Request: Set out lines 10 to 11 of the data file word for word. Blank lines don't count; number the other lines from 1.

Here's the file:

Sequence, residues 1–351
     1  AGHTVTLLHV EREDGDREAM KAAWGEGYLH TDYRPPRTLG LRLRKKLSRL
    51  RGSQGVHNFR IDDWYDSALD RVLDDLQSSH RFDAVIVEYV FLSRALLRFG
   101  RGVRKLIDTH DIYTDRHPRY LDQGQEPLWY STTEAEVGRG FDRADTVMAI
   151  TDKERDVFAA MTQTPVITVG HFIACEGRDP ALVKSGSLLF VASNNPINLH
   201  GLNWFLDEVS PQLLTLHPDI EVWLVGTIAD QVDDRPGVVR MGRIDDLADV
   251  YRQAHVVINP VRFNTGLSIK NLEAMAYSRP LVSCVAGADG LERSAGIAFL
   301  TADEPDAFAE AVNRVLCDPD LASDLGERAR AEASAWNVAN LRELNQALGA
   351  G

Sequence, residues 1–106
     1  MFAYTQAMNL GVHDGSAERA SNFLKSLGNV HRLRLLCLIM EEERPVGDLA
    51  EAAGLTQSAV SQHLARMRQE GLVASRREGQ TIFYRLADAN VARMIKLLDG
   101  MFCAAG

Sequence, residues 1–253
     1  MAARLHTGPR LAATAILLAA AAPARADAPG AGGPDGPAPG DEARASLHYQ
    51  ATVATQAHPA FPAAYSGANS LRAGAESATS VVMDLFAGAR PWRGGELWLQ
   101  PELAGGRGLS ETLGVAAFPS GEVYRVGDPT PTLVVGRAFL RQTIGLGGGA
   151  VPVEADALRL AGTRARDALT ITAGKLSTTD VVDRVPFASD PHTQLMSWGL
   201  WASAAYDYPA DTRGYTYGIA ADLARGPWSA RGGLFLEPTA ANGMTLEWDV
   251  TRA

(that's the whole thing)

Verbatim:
Sequence, residues 1–106
     1  MFAYTQAMNL GVHDGSAERA SNFLKSLGNV HRLRLLCLIM EEERPVGDLA